The bellicose, isolated North threatened the South with nuclear annihilation this year. In 2010, it sank a South Korean ship and shelled a South Korean island, killing civilians.

Kim Byung-ryull, a professor at Korea National Defense University also had little sympathy for objectors.

"Conscience is a much more convenient excuse to shirk civilian duties than breaking bones or pulling out healthy teeth," he said.

Im, talking with Reuters before the verdict, knew he would go to prison and said he would serve his sentence stoically.

"What we are doing is like Mahatma Gandhi's non-violent resistance - painful at the time but worthwhile in the end," he said.

(Editing by David Chance and John O'Callaghan)

We welcome comments that advance the story through relevant opinion, anecdotes, links and data. If you see a comment that you believe is irrelevant or inappropriate, you can flag it to our editors by using the report abuse links. Views expressed in the comments do not represent those of Reuters. For more information on our comment policy, see http://blogs.reuters.com/fulldisclosure/2010/09/27/toward-a-more-thoughtful-conversation-on-stories/
Comments (8)
bunderwo wrote:
It’s a shame South Korea is allowing this gross human rights violation to mar the record of what is otherwise a very progressive country. The comments of those young men who did serve tell the tale: ‘We had to do it, why should they get a pass?’ ‘If your conscience doesn’t let you serve, does that mean I have no conscience?’ Well, no. Conscience, by its nature, is going to vary from one person to another. Witnesses are Christians, and their leader said, ‘Those who take to the sword will perish by the sword.’ (Matthew 26:52)
Early Christians understood Jesus’ words to mean refusing military service. In his book The Early Church and the World, Professor C. J. Cadoux wrote: “Up to the reign of Marcus Aurelius at least, no Christian would become a soldier after his baptism.” These young Korean Witness men are merely trying to live up to Jesus’ words as carefully as possible. They are not trying to impose their consciences on others. South Korea needs to join the rest of the civilized world and create a civilian alternative to military service. If they were to require these young men to build roads, shovel snow, or pick up garbage, they would quickly see that these men are not shirkers.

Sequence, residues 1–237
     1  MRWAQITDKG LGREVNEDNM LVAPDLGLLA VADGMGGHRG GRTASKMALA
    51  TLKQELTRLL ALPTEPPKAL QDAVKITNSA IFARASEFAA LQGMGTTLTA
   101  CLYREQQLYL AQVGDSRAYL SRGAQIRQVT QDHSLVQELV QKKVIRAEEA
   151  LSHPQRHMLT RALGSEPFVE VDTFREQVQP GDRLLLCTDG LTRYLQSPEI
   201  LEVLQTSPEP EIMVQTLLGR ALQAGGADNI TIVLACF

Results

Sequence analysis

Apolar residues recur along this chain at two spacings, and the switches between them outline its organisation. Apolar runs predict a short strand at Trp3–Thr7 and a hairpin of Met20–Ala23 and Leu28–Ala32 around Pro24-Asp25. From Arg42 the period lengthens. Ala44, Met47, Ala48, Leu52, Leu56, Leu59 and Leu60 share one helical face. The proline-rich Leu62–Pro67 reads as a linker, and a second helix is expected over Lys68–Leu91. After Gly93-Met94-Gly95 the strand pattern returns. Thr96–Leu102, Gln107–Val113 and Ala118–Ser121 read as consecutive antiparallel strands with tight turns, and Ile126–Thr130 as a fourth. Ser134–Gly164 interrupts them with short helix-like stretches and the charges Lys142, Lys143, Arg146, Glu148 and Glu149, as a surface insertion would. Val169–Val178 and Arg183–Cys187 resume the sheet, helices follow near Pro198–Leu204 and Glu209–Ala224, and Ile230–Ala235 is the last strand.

Aug 28, 2013 11:56am EDT  --  Report as abuse
tpvero wrote:
Prison is better than coming home in a box because you have a general or president who doesn’t know what they are doing. Modern wars and most of ancient wars are started and fought by the wealthy so they can get richer and take something that doesn’t belong to them. They lie about the causes and dress it up with religion to get the weak minded to go die for them, while they and their children live the good life behind walled estates. ‘We the people’ around the world need to wise up.

Sep 01, 2013 7:27am EDT  --  Report as abuse
shannon_ak wrote:
The United States government imprisoned THOUSANDS of Jehovah Witnesses for conscientious objection during World War II. Nazi Germany sent a like number to the concentration camps. Being a C.O. is no more “convenient” than causing personal physical injury to “dodge” military service. In fact, I dare say it takes more courage to say no, and be honest about the reason, than to cause some temporary physical harm to oneself, but as MLK Jr once wrote, if one breaks an immoral law to bring attention to the law’s immorality, one must be prepared to accept the punishment for breaking the law. Ask yourself, which seems to be the purer form of cowardice?

Sep 01, 2013 7:48am EDT  --  Report as abuse
This discussion is now closed. We welcome comments on our articles for a limited period after their publication.

A tourist takes a plunge as she swims at Ngapali Beach, a popular tourist site, in the Thandwe township of the Rakhine state, October 6, 2013. Picture taken October 6, 2013. REUTERS/Soe Zeya Tun (MYANMAR - Tags: SOCIETY) - RTR3FOI0

Where do you want to go?

We look at when to take trips, budget considerations and the popularity of multigenerational family travel.   Video